MODERN DIET RAISES RISK OF COLON CANCER IN YOUNGER UAE POPULATION, SAY EXPERTS
For Colon Cancer Awareness Month, Cleveland Clinic Abu Dhabi Physicians Stress the Importance of a Healthy Diet and Early Screening
Abu Dhabi, United Arab Emirates. March 9
Obesity and a diet high in processed meats and low in fiber, coupled with a sedentary lifestyle is likely contributing to increased frequency of colon cancer at a younger age, according to experts at Cleveland Clinic Abu Dhabi.
Colorectal cancer comprises malignant tumors arising from the inner wall of the large intestine or rectum. Globally, the disease, which is often diagnosed in an older population, is increasingly affecting the younger generation as risk factors of obesity continue to rise.
The issue is more pronounced in the United Arab Emirates with colon cancer affecting people 15 years earlier than their American counterparts, according to Abu Dhabi’s Department of Health. According to recent data, it is the leading cause of cancer among men and the third-most-common cause of cancer in women. The youngest person in the UAE to be diagnosed with colon cancer was just 16.
“One of the most important, and modifiable, reasons that is causing colon cancer in younger patients is their poor lifestyle choices,” says Dr. Aydamir Alrakawi, a gastroenterologist and hepatologist at the Digestive Disease Institute at Cleveland Clinic Abu Dhabi. “We see young people eating more processed foods and red meat and reducing their fiber intake, which are known risk factors for colon cancer.”
The World Health Organization classifies processed meats as a Group 1 carcinogen, which means that there is sufficient evidence that it causes colon cancer.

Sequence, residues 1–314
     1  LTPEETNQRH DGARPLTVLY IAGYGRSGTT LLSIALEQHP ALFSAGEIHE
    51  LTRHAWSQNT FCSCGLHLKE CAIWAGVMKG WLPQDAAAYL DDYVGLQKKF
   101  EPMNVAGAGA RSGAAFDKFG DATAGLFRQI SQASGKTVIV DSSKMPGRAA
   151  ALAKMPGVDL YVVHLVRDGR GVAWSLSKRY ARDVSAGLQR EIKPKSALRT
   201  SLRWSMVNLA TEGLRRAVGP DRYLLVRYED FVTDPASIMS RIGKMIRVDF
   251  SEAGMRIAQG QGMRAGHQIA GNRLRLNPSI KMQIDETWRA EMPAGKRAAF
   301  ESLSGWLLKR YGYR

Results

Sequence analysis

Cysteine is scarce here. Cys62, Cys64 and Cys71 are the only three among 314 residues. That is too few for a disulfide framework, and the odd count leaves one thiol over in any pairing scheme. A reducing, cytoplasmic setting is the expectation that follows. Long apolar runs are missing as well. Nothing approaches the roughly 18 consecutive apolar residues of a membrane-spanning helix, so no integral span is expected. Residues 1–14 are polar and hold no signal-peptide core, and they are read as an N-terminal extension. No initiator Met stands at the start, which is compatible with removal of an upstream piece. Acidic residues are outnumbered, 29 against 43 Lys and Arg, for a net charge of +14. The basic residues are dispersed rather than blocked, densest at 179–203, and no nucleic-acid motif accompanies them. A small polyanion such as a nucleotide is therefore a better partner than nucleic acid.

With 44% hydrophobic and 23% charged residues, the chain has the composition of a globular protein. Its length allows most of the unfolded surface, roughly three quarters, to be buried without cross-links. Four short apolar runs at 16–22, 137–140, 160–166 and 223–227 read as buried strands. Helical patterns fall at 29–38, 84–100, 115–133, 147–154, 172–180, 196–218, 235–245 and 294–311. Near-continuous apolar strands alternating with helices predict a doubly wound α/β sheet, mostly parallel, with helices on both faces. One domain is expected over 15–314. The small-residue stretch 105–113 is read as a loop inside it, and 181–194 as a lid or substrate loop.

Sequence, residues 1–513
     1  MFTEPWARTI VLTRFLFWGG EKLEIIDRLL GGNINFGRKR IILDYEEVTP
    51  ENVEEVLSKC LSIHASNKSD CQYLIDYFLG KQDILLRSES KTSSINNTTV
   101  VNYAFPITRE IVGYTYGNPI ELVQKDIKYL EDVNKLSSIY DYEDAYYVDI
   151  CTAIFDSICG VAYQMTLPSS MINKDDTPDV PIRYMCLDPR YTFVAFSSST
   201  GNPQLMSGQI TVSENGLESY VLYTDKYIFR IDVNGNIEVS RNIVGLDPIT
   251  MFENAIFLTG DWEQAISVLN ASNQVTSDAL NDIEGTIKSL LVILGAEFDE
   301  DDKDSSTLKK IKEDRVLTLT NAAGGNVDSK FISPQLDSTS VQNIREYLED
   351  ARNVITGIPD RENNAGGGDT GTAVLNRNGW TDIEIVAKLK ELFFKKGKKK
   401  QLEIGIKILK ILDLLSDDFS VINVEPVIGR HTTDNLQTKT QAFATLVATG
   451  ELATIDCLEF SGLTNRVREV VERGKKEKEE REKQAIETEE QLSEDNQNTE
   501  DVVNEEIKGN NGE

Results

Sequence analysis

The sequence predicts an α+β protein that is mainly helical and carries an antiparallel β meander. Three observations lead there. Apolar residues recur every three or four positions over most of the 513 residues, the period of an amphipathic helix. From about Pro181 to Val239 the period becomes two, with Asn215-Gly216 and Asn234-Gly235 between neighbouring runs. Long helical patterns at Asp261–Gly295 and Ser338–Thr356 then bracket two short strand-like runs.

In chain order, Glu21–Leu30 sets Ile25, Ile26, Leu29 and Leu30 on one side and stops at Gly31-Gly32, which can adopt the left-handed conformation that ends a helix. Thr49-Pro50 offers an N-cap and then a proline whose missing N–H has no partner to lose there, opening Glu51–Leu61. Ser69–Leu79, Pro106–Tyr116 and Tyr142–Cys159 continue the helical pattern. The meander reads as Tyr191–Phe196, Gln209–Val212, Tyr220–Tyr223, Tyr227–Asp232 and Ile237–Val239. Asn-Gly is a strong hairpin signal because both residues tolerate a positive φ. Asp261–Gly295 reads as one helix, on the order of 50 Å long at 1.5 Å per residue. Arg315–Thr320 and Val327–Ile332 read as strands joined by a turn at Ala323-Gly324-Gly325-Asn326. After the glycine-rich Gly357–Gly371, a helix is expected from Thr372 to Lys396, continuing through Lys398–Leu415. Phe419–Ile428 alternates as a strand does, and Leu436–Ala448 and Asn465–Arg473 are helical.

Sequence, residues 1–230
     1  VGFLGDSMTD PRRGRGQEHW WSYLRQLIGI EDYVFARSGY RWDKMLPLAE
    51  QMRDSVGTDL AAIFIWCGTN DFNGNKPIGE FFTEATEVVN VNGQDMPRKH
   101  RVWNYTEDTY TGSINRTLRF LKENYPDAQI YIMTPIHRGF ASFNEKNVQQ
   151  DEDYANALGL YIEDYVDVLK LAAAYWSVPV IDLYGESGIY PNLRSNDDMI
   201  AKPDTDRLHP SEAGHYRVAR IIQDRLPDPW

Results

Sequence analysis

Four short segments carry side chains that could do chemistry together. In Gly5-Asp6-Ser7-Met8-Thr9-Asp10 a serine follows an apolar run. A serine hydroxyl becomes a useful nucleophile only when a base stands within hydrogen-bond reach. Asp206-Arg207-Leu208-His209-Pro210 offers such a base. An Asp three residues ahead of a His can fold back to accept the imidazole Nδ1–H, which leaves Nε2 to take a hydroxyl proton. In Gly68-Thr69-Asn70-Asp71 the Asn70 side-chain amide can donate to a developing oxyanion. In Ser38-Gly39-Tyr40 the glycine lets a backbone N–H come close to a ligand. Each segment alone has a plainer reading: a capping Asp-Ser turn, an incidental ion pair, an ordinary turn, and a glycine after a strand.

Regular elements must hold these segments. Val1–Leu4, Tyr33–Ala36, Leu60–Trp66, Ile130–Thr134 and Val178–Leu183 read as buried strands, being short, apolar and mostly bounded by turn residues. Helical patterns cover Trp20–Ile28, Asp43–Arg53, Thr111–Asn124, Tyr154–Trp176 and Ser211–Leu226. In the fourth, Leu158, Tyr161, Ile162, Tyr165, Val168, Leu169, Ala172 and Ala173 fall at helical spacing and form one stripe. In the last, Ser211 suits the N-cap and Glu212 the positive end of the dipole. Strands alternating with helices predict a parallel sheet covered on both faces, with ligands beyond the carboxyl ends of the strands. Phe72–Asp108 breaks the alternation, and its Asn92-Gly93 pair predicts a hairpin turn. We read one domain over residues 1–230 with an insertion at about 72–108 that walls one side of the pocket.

Dr. Alrakawi advises people to limit the intake of animal fats, while aiming to include between 25 and 35 grams of fiber from cereals, whole grains, and fiber-rich vegetables and fruits daily.
“There is evidence that a well-balanced diet with least two to three hours of medium-intensity exercise, walking or sports per week may contribute to reducing colon cancer growth and improve patient outcomes.”
Along with altering lifestyle habits, Dr. Alrakawi says it is crucial for at-risk patients to prioritize regular screenings to prevent and fight colon cancer.
New recommendations from the American Cancer Society suggest that people with average risk of colon cancer start regular screening at the age of 45 instead of the initial prescribed age of 50. However, health authorities in the UAE recommend people start getting screened for colon cancer from the age of 40.
This advice is for those who do not have a family history of colon cancer, and who have no symptoms. Screening should commence 10 years earlier if there is a family history of the disease or if they face other risk factors.
“Colon cancer does not produce any explicit symptoms until it may have reached an advanced stage. People need to understand that it is curable and even preventable if detected early through regular screenings. It helps us detect polyps – abnormal tissue growths – which can be treated before they develop into cancer.”
A global youth survey by the Colorectal Cancer Alliance found that the most common symptoms of young onset of the cancer were constipation, blood in stool, bloating, rectal bleeding and diarrhea, with many ignoring them for at least six months before visiting a doctor.
A nationwide survey by Cleveland Clinic Abu Dhabi conducted in 2018 found that fear of potential pain and testing positive for the disease, embarrassment and social stigma prevented respondents from getting a colonoscopy.
“This is telling because it shows a need to bolster efforts in reassuring the public that we have come a long way in screening and innovative treatments that are quick, painless and discreet. Patients now have access to more aggressive and minimally invasive surgeries, better chemotherapy and the ability to recovery faster,” says Dr. Alrakawi.
Cleveland Clinic Abu Dhabi’s Digestive Disease Institute provides gastrointestinal care for patients. It offers a number of advanced procedures including minimally invasive and robotic bariatric, hernia, gastrointestinal and colorectal surgeries, as well as cutting-edge endoscopic procedures for tumor resection and the treatment of achalasia and pancreatic and biliary diseases.The hospital is one of the Department of Health-approved providers for colorectal cancer screening. To arrange a screening at Cleveland Clinic Abu Dhabi, call 800 8 CCAD (800 8 2223).